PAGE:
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Legal Notes: Using BIM as a dispute resolution tool

John Bleasby
Legal Notes: Using BIM as a dispute resolution tool

Building Information Modeling (BIM) is a term used commonly in construction. Yet, it is a complex blend of digital technologies that is often challenging to precisely define.

Mark Berry, partner and senior associate Ahmed Bobat, both at the Dubai offices of global law firm Norton Rose Fulbright LLP, attempt to summarize the various elements of BIM.

“In simple terms, BIM is a process, or a way of working, which involves multiple stakeholders collaborating whilst using intelligent 3D models.”

In typical construction disputes, the reconstruction of events that includes design, timing, resourcing, sequencing of works and costing is often arduous.

“What tends to result is a laborious, costly and time-consuming task for employers, contractors, counsel and arbitrators alike,” they write.

However, BIM can provide clear visual aids to help courts and judicial tribunals better understand claims that can become quite technical.

Berry and Bobat refer to BIM as a three-dimensional technology in terms of visualization. They summarize typical construction claims under three headings: Design co-ordination, design change and extension of time and associated costs.

Greg Bentley, CEO of construction software developer Bentley Systems, takes the potential of BIM further. He told McKinsey, “Infrastructure project delivery, and especially construction, is fundamentally a 4D endeavour.”

Those are widely accepted as scope, time, cost and quality.

Nevertheless, what is important is that construction disputes are complex nowadays, and BIM can help deal with the issues that arise.

“Model analysis has the capability visually to demonstrate that which can otherwise occupy many pages of a written submission, and the written submission may yet still remain unclear,” write Berry and Bobat. “Technical issues may be complex, perhaps further exacerbated when the languages between parties, lawyers, experts and tribunals differ. Language barriers and translation issues can potentially be mitigated through the use of a model and visual evidence.

“Ideally, BIM will have been used by the parties at the outset and contain contemporaneous building information models,” they continue. “Models can be created specifically for claims after they have crystalized. However, models created after the event are not the same as contemporaneous building information models.”

Geoffroy Bertrand of FTI Consulting and René-Martin Langlois, an associate with Langlois Lawyers LLP, summarize the use of BIM as serving three functions in dispute resolutions, beginning with 3D visualization of the project.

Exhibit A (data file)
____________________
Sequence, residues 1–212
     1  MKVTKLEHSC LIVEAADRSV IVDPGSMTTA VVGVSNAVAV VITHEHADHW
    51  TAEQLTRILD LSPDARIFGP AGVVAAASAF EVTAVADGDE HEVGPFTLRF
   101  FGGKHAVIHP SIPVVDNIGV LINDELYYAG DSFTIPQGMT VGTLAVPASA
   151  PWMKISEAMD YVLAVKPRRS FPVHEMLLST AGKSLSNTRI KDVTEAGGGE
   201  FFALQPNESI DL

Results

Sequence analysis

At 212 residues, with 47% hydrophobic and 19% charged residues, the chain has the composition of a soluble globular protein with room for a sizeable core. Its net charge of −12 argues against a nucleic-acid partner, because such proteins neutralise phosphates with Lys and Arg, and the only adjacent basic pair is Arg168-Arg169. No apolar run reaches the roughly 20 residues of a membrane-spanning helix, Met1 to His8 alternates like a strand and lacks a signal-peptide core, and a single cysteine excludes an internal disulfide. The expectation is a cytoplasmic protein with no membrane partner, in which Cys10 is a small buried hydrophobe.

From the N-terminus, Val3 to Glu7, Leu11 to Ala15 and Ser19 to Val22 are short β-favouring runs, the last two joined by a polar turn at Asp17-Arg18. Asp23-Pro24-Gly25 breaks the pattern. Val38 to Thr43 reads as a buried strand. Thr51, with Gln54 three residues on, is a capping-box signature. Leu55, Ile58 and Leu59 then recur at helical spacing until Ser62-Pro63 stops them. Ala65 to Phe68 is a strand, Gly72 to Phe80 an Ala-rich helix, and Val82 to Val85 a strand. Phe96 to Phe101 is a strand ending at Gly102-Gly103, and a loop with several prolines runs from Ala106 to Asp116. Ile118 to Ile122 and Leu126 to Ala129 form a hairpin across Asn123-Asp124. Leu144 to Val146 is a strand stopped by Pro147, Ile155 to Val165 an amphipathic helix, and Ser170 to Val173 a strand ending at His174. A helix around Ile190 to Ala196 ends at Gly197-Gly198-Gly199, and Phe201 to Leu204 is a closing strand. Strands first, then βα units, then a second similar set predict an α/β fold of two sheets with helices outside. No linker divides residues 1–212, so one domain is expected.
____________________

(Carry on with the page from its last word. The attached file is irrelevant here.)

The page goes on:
“The digital model allows the contractor to offer a detailed and interactive visual of the entire project and its components, the scope of the work as well as the operational constraints experienced in situ during construction.”

They continue that outlining 4D BIM capabilities linking the digital model with temporal data makes it possible “to create a 3D spatio-temporal simulation demonstrating the planned sequence of work.”

As a third capability, they write of simplifying technical impacts.

“The digital model can also be used to explain the impact of changes occurring within the framework of a project. By juxtaposing the initial design with the modified design (incorporating the proposed change), the parties are able to more easily visualize the scope of the changes on the work as well as their impacts.”

As useful as BIM can be, it is a new technology, particularly among legal professionals, write Michel Guévremont and Amin Hammad in their paper concerning 4D and construction responsibilities, published by the American Society of Civil Engineers.

Berry, Bobat, Bertrand and Langlois all agree.

“The use of BIM in construction arbitration is an example of a new approach to an old problem (namely, the gathering, assimilation and use of construction data),” write Berry and Bobat. “Models can improve how cases are presented at arbitration in a manner which is engaging and has the potential to save both time and cost for all parties involved.”

“We are currently in the midst of a wave of major changes in the construction industry, characterized by what many are calling a ‘Construction 4.0’ digital revolution,” write Bertrand and Langlois.” The use of digital tools to support the presentation of claims will become essential in the coming years.”

John Bleasby is a Coldwater, Ont.-based freelance writer. Send comments and Legal Notes column ideas to

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Gino Di Ciocco Image Gino Di Ciocco

Good Article John.
I can vouch that 3D presentations are truly effective.
I was involved in a case involving a Times Square hotel in NYC back in 1995 where we were one of the first to use 3D Animation in a trial setting. The jury greatly appreciated the visual presentations (Building elements, structural issues and schedule delays) — It greatly simplified complicated construction issues and made them easier to understand for a layperson. And we yes, we won the case. Btw, I believe articles have been written about being the first trial to use animation in a construction case (I believe they had only been used on accidents cases prior to that).


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